Insurance Reserving with Machine Learning Pilot Program Learn More

4 Things you Need To Know About Customer Loyalty Analytics

Customer Loyalty is a key ingredient to success for businesses around the world. Implementing programs that reward returning customers is a constant risk-reward balancing act that can be hard to get right — especially without a foundational understanding of the customer loyalty analytics that help you measure and optimize your loyalty programs and strategies.

Here are 4 things you absolutely need to know about customer loyalty analytics

1. There Are Two Types Of Customer Loyalty

customer loyalty analytics

Attitudinal Loyalty

An 'attitudinally' loyal customer is a fan, promoter or advocate for a company that may or may not buy from the company regularly. These folks will wear your logo, recommend your brand and have a distinctly positive impression of your services.

 

Behavioral Loyalty

To put it simply, a 'behaviorally' loyal person buys from the same vendor regardless of their adoration of the vendor's brand. For example: You may live in an area with a single telecom provider. Their rates are too high and you can't stand their customer service, but you renew your contract annually because they're your only option to keep your internet service.

2. Loyalty Can Be Measured in Different Ways

customer loyalty analytics

How do you measure Attitudinal Loyalty?

The most common tactic for measuring attitudinal loyalty among consumers is NPS scoring. A simple scale that measures a customer's likelihood to promote your company to others, an NPS score provides a solid baseline of customer satisfaction and brand appreciation — especially when averaged across a large set of customers.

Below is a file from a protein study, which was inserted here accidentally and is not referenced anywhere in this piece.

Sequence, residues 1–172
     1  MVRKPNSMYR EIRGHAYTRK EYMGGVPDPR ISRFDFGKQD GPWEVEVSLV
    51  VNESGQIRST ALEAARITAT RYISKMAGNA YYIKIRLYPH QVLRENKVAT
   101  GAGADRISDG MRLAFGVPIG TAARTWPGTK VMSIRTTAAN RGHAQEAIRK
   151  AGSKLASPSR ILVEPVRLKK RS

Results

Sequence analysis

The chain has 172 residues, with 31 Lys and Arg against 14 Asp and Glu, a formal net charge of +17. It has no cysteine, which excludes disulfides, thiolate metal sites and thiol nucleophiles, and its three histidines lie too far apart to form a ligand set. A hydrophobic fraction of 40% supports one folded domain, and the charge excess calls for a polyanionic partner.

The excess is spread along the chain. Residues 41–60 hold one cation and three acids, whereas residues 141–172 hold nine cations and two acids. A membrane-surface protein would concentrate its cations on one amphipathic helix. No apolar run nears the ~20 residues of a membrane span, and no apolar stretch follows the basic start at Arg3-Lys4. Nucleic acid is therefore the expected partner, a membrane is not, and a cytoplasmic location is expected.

How do you measure Behavioral Loyalty?

Two views can be taken when measuring behavior loyalty: a historic approach that examines metrics such as:

  • Purchasing cadence
  • Spending behavior trends
  • Basket sizes

Since a loyalty program's goal is to change behavior and make members more loyal over time, the performance of a program can be measured by an upward trend in these indicators.

Reporting on historical trends is relatively easy, but here's where the approach falls short: it tells you what people did rather than what they're going to do. Historical views into your program offer little strategic insight into how you can drive future value and increase the effectiveness of your program going forward.

But what about a predictive approach to loyalty analytics?

Making data-driven predictions about the expected future profit that a loyalty program member will generate helps companies to predict 'customer lifetime values' — or CLVs — a key building block in any predictive loyalty analytics strategy.

This prescriptive view gives you a mechanism to anticipate future behaviors and value of your program members and makes your customer loyalty analytics strategy (and its impact on your bottom line) more robust in the long run.

 

3. Customer Loyalty Analytics Inform Your Targeting Strategy